Oxford Middle school students collaborating and problem solving.

Oxford Middle school students collaborating and problem solving.

Aquaponics System Engages Young Scientists at Oxford Middle School

BVEF is proud to support our schools through teacher grants

Hypotheses. Data collection. Research. Blue Valley science teachers like Michael Richards are continually seeking new ways to challenge and engage their students, and such was the case at OMS when Richards applied for and received a BVEF grant for an aquaponics system!

 

So what is aquaponics? Aquaponics recirculates water from a fish tank through a vegetable grow bed. Nutrients from the fish waste feed the plants, and the plants filter the water to keep the fish healthy. The two main components of the system are the fish tank and the grow beds with a small pump moving water between the two. The water passes through the roots of the plants before draining back into the fish tank. The plants extract the water and nutrients (fish waste) they need to grow, cleaning the water for the fish. 

 

 
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Q and A with Mr. Richards

Q. This sounds very exciting and fairly complex! What were you hoping to accomplish with a grant for an aquaponics system?
A. I wanted the kids in my guided study class to plan, design, and build an aquaponics system all while working on intangible skills like collaborating and problem solving. Besides creating the actual system, they had to figure out how to house the 500-pound fish tank. The students drew up a rough draft, built a model out of balsa wood, and then constructed the actual end product. The students worked so well as a team and did a great job of assigning different tasks to be as efficient as possible!  Furthermore, I wanted to have this system in my room to create more engagement/excitement for science and to use it as a model for multiple topics we cover in the 7th grade science curriculum.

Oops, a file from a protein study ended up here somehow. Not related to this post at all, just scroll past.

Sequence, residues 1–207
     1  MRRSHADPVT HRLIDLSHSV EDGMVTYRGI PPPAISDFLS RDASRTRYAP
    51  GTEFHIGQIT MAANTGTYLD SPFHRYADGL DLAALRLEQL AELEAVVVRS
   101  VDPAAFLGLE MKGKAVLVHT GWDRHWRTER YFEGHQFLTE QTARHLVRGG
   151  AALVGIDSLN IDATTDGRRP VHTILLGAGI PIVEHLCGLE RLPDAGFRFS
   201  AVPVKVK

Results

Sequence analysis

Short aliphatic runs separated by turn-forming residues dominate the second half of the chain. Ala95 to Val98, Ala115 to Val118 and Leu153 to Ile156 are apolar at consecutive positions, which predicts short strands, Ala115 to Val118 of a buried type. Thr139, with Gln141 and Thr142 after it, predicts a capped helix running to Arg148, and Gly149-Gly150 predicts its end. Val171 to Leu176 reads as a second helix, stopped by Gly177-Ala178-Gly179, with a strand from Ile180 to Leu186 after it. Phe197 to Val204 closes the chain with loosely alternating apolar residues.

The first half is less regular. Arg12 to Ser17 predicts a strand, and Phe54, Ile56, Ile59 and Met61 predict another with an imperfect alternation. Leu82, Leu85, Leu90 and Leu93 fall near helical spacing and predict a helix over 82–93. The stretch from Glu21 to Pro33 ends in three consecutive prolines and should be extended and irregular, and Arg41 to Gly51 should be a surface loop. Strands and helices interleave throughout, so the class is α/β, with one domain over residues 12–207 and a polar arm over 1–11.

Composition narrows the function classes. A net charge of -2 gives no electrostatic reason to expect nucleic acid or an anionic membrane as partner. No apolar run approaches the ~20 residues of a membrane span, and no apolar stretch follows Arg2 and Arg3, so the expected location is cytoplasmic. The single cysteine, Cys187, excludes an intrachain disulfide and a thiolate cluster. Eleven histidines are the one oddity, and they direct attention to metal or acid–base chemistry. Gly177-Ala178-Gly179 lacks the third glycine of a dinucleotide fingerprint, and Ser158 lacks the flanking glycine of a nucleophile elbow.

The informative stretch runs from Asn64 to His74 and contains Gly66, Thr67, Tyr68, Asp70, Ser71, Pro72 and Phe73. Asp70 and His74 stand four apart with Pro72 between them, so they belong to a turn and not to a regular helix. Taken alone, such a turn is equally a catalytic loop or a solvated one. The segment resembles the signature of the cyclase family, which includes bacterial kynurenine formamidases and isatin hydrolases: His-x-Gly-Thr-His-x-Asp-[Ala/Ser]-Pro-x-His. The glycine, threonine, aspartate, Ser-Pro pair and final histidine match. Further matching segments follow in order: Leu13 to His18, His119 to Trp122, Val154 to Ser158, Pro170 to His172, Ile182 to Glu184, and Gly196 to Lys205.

Q.     What were the most significant achievements of your program?
A. It was great to see how well the kids worked together and problem solved. For example, they had to figure out how they were going to make this structure so it could hold a 500-pound fish tank. And then, they had to work out how we were going to get the tank up onto the shelf!

Q. What kind of impact did you see on student learning?

    A. The students shared that it was fun solving the many issues that came up as we began to build. They realized that they have to put more effort and thought into the designing process. The aquaponics system creates a natural engagement and enhances science learning. It is visually engaging and generates so many questions! You can talk about relationships, biotic and abiotic factors, photosynthesis, nutrients, nitrogen cycle, and so much more! In addition, the aquaponics system is self-sustaining and will be around for a long time. We will continue to plant new plants as the old ones die and maintain the aquarium and fish in it.  Overall, it was a great experience for them!

Q. What would you say to other science teachers who may be interested in applying for this type of BVEF grant? 
A. The grant program is excellent! The kids loved when the BVEF Surprise Squad came into my classroom to deliver the good news. This project was a great opportunity for learning and I think every science classroom/school should have one of these systems. The natural engagement they create is amazing, and because of this, I was able to spark a conversation about the science behind the system! Thank you to BVEF for funding our aquaponics system at Oxford Middle. I am 100% positive this is something the kids will always remember.

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